The aim of this study was to define the effects of diet containing the same mineral content of mineral salt or amino acid chelate, and diet containing various levels of Cu amino acid chelate on liver histomorphometry in growing rats. Male Wistar rats were used in the 12th week experiment. The control group (n = 12) was fed standard diet, which provided Cu in an inorganic form at the level required for rats. The experimental animals were divided into four groups (each n = 12) depending on different levels (100%, 75%, 50%, 25% covered daily demand) of Cu supplementation in chelated form. Cu content was determined in the liver tissue and blood plasma. Immunohistochemical staining with caspase-3 antibody was performed. Microscopic assessment of the liver structure indicated that Cu supplementation did not change the liver architecture. However, histomorphometric analysis revealed a significant increase in the number of nuclei, total cell number, and multinucleated hepatocytes in rats supplemented with the organic form of Cu at the level of 25% compared with the control group. There was a considerable increase in the number of apoptotic cells and ballooning degeneration of hepatocytes, especially in groups supplemented with organic form of Cu covering the daily demand in 100% and 75%, in comparison to control group. Moreover, there was no Cu deposition in the liver and changes in Cu content in blood. Cu provided in the diet in organic form covering an amount of its minimum daily demand in 25% appears to be the least harmful with regard to the liver. It indicates that there is a need to establish the level of diet supplementation with Cu amino acid chelates.
Faba bean (FB) seeds can be a good protein-energy component in animal feed. However, the presence of anti-nutritional substances is a negative feature of FB seeds. The aim of this study was to examine the influence of different levels of unprocessed FB seeds in feed on the gut-bone axis and metabolic profile in broilers. Ninety six, 1-day-old Ross 308 broiler chickens were randomly selected to one of the 3 dietary treatments (32 chickens in each, divided into 8 pens with 4 birds per each pen): the control group fed standard diet with soybean meal and without FB seeds, group I fed 8/15% (starter/grower) of high-tannin FB seeds, and group II fed 16/22% of high-tannin FB seeds. Bone mechanical examination, hematological and serum biochemical analysis as well histomorphometry of small intestine and liver tissue were performed. The intake of high-tannin FB seeds, irrespective of their amount, did not alter the bone geometric, mechanical and densitometric parameters nor influenced basal hematological parameters, however it resulted in: decreased serum concentration of total cholesterol and calcium; a reduced longitudinal myenteron of small intestine; increased mucosa and villus epithelium thickness, villus length, thickness and absorptive surface in duodenum; increased number of active crypts in jejunum; unchanged collagen area, intercellular space, and total cell number in the liver; decreased number of multinuclear hepatocyte cells. Moreover, the livers of birds fed the higher dose of high-tannin FB seeds had lymphocytic infiltrates in portal tracts and sinusoids. Feeding of unprocessed high-tannin FB seeds exerted an influence on the gastrointestinal tract by increased absorptive surface. In conclusion, the dietary inclusion of unprocessed high-tannin FB seeds had no negative effects on broiler growth, tibial bone mechanical properties and intestinal characteristics. Unprocessed high-tannin FB seeds may be used in broiler diets, but their dietary levels should not be higher than those discussed.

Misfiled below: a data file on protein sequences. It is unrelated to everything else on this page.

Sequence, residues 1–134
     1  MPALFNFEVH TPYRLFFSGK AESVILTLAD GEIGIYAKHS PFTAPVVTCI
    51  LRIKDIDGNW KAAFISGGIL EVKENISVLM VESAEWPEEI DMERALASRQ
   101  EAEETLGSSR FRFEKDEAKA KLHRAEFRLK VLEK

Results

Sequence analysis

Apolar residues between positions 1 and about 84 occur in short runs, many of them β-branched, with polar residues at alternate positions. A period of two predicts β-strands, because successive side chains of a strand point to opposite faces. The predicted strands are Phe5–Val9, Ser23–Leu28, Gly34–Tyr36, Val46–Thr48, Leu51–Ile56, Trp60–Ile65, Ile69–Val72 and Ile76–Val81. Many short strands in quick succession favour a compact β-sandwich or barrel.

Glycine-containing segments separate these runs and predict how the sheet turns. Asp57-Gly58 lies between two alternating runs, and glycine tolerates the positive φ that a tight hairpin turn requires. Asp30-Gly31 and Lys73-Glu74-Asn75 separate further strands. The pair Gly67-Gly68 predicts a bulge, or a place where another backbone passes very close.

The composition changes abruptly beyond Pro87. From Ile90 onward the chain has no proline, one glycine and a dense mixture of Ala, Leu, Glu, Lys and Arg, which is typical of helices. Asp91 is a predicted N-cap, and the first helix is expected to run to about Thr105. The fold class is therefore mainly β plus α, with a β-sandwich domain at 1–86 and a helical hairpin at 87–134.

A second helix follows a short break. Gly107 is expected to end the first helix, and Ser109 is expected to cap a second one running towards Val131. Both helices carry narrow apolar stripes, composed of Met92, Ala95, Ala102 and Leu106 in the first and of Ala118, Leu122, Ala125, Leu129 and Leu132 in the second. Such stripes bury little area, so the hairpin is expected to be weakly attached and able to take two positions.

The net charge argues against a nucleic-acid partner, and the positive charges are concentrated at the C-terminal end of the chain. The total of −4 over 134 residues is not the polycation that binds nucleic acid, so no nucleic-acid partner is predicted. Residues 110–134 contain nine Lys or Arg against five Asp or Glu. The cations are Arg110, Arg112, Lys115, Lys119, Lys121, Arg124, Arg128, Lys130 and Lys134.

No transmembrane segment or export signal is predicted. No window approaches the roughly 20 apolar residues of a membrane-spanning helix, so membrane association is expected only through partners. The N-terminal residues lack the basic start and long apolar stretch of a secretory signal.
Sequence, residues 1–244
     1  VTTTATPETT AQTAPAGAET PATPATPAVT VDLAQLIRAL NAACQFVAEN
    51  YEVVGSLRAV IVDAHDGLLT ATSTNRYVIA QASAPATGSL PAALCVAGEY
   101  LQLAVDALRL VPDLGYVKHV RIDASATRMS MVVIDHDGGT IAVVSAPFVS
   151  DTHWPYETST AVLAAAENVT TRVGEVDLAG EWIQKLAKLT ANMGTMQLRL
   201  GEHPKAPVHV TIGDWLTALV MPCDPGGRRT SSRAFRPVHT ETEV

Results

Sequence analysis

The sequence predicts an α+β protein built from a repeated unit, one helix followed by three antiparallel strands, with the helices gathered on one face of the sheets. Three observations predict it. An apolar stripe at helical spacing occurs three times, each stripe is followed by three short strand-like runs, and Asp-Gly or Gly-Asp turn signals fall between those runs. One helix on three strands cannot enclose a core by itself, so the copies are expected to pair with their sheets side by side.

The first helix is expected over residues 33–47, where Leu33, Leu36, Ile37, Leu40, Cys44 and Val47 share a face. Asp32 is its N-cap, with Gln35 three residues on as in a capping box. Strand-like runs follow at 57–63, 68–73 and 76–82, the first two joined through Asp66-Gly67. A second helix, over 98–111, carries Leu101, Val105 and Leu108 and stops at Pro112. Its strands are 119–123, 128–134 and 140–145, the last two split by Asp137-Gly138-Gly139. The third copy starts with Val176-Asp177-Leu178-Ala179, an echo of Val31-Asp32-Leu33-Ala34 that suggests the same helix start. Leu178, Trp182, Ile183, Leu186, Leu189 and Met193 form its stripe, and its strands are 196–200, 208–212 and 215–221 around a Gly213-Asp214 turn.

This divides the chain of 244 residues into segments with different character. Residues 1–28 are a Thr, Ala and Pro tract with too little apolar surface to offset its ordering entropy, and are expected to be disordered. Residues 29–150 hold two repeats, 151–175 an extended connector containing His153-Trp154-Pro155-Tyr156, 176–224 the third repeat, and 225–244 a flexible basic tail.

Lead (Pb) and cadmium (Cd) are toxic metals occurring commonly in the human environment that show mutagenic, genotoxic and carcinogenic effects. Dietary components could prevent heavy metals intoxication by reducing their accumulation in the body. The purpose of the study was to check possible protective effect of regular consumption of white, black, red, or green tea on bone metabolism during long-term exposure to Pb and Cd in adult rats. The 12 week-long exposure to Pb and Cd (50 mg Pb and 7 mg Cd/kg of the diet) in a rat model was studied. Twelve-week-old adult male Wistar rats were randomly divided into a negative control group (Pb and Cd exposure without tea), a control (without Pb and Cd and teas), and groups co-exposed to Pb and Cd and supplemented with green, red, black, or white tea (n=12 each group). The experiment lasted for 12 weeks. The co-exposure to Pb and Cd led to the increase of bone resorption depending on the tea treatment, which was confirmed by the mechanical testing and histomorphometrical examination of cancellous bone. Pb and Cd influenced mechanical strength, reduced the densitometric and geometric parameters and the thickness of growth plate and articular cartilages. Concluding, white tea exerted the best protective effect on bone tissue and hyaline cartilage against heavy metal action.